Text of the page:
Was it a mistake bringing them here?  Should we have waited till they were older and let it be their decision to come back here and not ours?  Am I just not answering their questions well enough or maybe being too honest?  Perhaps 3 months is not long enough for them to really immerse themselves in Rwandan life – or way too long for their first visit and just a two-week trip would have sufficed?  Have we raised entitled, wimpy North American kids already!?  I surely hope not.

As an aside, we recently returned to the austere but loving orphanage where we got our children, and it was a deeply moving experience.  Not so much for our children–they were happy to be the stars of the show among hundreds of kids. They handed out candies and treats and enjoyed the attention. On the wall of the room full of cribs was a photo of our family, sent from a happy Christmas in Florida, collaged with other photos of families of adopted children abroad.  A symbol of hope for those still there, though we learned that out of 140 children only 6 were slated for adoption this year.  For my wife and I, it was a moment that will take time to process.  Maybe that is the whole point of this, we are trying to process and understand this experience for our children.  They are just being kids, asking lots of questions/making comments.  If we just relax a bit more, it mightn’t be such a big deal. Rwanda will always be a part of their life even though this experience is not unfolding quite the way we expected.  As they say in Kinyarwanda; Ibyiza biri imbere – ntugire ikibazo.  Roughly translated into English it means; No need to worry – everything is going to be just fine”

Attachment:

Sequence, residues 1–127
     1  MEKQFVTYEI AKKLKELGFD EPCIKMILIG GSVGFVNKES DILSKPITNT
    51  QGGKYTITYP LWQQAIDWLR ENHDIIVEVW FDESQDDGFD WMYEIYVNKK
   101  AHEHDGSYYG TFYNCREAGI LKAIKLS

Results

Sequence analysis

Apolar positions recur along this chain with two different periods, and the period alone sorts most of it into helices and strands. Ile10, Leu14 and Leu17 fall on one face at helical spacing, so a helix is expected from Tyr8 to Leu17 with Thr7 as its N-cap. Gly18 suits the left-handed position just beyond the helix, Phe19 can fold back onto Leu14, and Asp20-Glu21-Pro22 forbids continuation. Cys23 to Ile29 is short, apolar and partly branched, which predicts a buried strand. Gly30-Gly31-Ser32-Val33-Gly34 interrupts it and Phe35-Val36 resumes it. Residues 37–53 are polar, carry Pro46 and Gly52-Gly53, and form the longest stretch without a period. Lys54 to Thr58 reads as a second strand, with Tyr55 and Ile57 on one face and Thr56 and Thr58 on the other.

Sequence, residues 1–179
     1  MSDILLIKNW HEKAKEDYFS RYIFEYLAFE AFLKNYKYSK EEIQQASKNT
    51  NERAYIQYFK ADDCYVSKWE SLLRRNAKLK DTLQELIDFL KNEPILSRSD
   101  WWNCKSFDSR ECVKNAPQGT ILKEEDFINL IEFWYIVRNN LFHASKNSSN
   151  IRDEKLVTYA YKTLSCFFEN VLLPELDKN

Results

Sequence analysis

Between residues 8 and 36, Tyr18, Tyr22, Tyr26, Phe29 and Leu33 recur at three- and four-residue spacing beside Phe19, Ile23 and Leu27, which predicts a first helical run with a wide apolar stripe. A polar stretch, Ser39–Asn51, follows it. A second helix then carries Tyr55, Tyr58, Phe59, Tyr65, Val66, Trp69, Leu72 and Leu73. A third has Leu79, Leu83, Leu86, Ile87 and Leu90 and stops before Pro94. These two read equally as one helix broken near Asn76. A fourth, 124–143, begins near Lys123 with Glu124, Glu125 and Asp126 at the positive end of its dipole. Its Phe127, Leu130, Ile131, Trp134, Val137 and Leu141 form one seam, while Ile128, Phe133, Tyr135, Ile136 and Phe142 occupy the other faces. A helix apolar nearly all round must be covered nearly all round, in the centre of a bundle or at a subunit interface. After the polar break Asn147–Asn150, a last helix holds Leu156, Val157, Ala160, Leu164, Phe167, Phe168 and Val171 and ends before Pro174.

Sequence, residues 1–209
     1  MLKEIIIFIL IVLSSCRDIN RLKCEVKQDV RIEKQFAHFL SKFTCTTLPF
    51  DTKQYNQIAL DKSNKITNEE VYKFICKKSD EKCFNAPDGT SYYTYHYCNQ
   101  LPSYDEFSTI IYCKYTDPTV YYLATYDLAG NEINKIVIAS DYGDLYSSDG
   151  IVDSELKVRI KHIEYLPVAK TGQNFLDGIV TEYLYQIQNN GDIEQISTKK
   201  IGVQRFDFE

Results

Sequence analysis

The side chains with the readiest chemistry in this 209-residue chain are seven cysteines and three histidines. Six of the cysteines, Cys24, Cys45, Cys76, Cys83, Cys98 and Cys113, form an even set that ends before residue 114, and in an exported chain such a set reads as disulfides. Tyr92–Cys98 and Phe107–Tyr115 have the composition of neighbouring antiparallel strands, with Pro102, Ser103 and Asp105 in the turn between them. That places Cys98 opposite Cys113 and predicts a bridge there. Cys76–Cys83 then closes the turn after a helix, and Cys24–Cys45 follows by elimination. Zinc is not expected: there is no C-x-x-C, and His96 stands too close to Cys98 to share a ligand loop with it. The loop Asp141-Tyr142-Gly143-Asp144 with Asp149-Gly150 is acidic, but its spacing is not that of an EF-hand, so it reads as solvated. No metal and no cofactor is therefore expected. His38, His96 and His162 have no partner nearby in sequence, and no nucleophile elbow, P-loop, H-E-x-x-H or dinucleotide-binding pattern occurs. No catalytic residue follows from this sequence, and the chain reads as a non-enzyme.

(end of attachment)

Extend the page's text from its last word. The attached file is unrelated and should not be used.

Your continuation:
So I’ll end with a little story. As I mentioned, we live in the guesthouse of a Rwandan family. The little boy, six-year-old Jimmy, is very fond of our four-year-old Christian.   Jimmy is learning to speak and write English and last night he made a big deal about coming over to give Christian a note-card he had written to him that read: